This is an archived article that was published on sltrib.com in 2011, and information in the article may be outdated. It is provided only for personal research purposes and may not be reprinted.
An arrest warrant has been issued for a former Utah County man who has been charged with 12 felonies for allegedly taking at least $200,000 from victims after touting himself as a wealthy debt collector.
Judge John Paul Kennedy set bail at $100,000 for Joshua Thomas Pryor after 12 criminal charges of communications fraud and one count of conducting a pattern of unlawful activity were filed in 3rd District Court in West Jordan.
Pryor had been a Saratoga Springs resident but lives in Mesa, Ariz., according to court documents. Charging documents list six victims who lost a total of $201,000 to Pryor.
"Pryor claimed to get a discounted rate for his purchases due to the large volume of debt purchased," Rex R. Ashdown Jr., an investigator for the Attorney General's Office, said in an affidavit accompanying the charges. "Pryor offered assistance for contacts to break into the business by purchasing a portfolio of bad debt through his broker, in his name, on behalf of the contacts, thereby enabling them to take advantage of his reduced rate."
Pryor, according to the affidavit, said he purchased credit card debt at as low as 10 percent of its value then made collections well over the price he paid. He offered to sell debts to his victims, which supposedly would allow them to make large returns. He also offered to get several victims' personal credit card debt erased for only 10 percent of what they owed, court records show.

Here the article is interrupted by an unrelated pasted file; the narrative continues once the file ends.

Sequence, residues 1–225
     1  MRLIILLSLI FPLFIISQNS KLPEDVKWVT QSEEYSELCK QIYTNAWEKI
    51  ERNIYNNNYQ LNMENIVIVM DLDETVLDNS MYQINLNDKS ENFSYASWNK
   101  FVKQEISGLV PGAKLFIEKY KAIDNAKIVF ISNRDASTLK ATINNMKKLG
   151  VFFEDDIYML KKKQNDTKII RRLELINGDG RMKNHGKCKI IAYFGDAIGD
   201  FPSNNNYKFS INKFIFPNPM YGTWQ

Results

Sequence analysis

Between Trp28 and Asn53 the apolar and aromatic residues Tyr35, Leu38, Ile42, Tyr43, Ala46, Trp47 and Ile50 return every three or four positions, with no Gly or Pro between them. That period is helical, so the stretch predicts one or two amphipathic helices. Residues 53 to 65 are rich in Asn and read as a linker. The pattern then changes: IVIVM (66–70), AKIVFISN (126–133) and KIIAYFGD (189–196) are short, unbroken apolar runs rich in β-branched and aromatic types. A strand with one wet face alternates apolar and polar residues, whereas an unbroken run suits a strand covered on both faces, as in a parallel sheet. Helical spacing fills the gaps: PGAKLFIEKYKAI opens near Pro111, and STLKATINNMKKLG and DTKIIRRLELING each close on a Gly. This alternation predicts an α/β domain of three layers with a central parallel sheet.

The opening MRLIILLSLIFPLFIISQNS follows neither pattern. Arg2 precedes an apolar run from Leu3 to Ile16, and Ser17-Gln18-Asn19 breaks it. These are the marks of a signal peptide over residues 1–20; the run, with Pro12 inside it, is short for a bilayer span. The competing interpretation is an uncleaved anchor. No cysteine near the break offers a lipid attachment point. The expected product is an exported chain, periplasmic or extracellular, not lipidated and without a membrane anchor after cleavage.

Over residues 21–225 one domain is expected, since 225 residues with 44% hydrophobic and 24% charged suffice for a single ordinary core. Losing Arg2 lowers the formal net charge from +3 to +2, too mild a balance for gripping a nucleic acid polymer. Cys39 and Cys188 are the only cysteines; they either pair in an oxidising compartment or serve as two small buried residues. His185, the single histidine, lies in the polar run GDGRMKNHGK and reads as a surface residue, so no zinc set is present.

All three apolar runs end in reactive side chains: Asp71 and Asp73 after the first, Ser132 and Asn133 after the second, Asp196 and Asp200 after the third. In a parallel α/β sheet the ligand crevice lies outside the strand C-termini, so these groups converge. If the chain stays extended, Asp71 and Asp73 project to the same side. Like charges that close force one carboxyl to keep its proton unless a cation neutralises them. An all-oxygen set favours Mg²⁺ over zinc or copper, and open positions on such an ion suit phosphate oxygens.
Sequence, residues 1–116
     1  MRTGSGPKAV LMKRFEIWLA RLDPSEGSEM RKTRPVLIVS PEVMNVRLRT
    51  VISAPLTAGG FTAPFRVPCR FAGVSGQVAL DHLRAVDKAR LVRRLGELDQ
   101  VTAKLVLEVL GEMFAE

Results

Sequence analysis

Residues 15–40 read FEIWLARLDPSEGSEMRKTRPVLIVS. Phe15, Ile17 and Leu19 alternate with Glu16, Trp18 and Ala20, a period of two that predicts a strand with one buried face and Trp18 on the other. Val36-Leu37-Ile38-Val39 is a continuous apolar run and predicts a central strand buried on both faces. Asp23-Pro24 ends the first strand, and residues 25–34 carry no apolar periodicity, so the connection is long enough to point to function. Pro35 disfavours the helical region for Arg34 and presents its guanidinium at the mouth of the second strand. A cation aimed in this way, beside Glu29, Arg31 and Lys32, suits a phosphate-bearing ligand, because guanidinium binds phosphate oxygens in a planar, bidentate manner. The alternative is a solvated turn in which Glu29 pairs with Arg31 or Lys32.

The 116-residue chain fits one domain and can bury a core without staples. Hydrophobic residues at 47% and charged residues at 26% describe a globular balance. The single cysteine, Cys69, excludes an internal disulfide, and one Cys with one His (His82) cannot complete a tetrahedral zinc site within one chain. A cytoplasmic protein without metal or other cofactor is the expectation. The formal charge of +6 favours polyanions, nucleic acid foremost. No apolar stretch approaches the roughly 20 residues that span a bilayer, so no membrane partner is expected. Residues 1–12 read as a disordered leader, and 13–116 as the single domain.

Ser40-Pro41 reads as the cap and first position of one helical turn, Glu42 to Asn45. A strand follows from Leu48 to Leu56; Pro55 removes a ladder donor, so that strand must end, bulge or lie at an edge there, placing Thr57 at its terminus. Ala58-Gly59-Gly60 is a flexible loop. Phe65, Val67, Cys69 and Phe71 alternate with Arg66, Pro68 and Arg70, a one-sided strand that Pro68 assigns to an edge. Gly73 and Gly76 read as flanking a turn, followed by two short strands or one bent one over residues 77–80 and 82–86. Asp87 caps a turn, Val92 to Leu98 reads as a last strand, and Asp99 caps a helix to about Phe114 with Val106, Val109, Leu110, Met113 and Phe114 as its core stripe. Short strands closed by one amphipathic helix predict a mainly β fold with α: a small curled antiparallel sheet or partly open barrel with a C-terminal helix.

Pryor apparently had worked for a debt collection agency, making collection calls in 2005 and 2006, but had never owned a company.
After passing himself off as a retired millionaire to golf partners and others, documents allege, Pryor sold his victims preview copies of debt from a company that buys and resells bad debt. But Pryor never delivered complete portfolios with information needed to collect.
In one case, two brothers paid Pryor $40,000 for two portfolios, according to court documents. Then Pryor told them they had violated federal debt collection laws and that he could settle their case for $20,000. They paid him that amount and then several thousand more to "scrub" their portfolios so they could be resold. All together they lost $64,000.
Other purchasers allege they discovered that Pryor had sold them many of the same bad debts as he had peddled to others. When they called the company that supposedly sold the debt to Pryor, they were told he had purchased only preview copies but not portfolios that contained legal title to the debt.